To: Mike Carter <>
Subject: Overwintering
From: John Graff <>
Date: Tue, 1 Jul 2014 10:19:05 +0800
For the record, I've seen Marshies several times in winter at Lake McLarty 
(e.g. 7 in July 2010), albeit the lake usually fills so they usually don't stay 
all winter - on one occasion they were recorded for an extended period, though 
unsure exactly how long they were recorded


Sent from my iPhone

> On 1 Jul 2014, at 9:47 am, "Mike Carter" <> wrote:
> Many but by no means all waders/shorebirds stay in their normal winter 
> quarters during their first year. Just off the top of my head I can think of 
> eight species that don't. I've never heard of a mid-winter record of 
> Swinhoe's, Pin-tailed or Latham's Snipe for instance. As we all know, 
> Sharp-tailed Sandpipers are normally absent in winter apart from injured or 
> sick individuals. Pectoral Sandpipers normally leave much later than Sharpies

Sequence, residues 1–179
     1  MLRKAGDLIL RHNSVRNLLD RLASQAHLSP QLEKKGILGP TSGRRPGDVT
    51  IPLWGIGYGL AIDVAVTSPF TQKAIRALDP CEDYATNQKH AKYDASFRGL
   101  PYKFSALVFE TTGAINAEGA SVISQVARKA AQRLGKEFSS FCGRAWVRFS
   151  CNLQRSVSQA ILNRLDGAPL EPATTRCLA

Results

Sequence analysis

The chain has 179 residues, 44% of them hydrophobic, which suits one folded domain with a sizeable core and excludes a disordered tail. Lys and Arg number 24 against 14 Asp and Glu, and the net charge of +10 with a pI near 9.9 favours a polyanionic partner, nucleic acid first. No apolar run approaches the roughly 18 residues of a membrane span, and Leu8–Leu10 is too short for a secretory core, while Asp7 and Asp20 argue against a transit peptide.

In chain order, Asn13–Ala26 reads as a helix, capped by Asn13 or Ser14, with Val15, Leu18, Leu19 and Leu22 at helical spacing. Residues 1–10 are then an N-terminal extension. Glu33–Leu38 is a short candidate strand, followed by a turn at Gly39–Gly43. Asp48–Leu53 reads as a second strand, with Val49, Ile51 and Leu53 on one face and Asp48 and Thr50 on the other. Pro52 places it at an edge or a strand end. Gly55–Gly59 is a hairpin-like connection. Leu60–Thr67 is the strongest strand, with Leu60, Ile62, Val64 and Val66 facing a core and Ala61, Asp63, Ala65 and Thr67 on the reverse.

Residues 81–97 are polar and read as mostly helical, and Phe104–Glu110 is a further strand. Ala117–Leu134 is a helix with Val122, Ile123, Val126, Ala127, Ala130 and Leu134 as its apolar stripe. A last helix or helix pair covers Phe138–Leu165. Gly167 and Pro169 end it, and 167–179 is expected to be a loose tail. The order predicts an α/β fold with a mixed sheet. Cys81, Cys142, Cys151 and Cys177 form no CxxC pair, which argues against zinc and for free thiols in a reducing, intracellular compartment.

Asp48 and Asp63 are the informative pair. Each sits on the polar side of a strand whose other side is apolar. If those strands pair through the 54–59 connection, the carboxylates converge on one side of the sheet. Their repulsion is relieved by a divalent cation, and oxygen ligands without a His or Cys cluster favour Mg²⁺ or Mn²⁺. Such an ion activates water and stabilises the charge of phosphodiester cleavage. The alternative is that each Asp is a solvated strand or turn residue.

> but do not normally overwinter although the population is small. Danny Rogers 
> once told me that he could not find a single Australian winter record of 
> Common Sandpiper. I have never seen a Marsh Sandpiper and only once a Wood 
> Sandpiper in winter.
> What do these eight species have in common? They have a preference for, or 
> will readily use, fresh water habitats. The latter criterion also applies to 
> Red-necked Stints which normally overwinter but there is an interesting 
> association of species in that category.
> Mike Carter
> 30 Canadian Bay Road
> Mount Eliza  VIC 3930
> Tel  (03) 9787 7136

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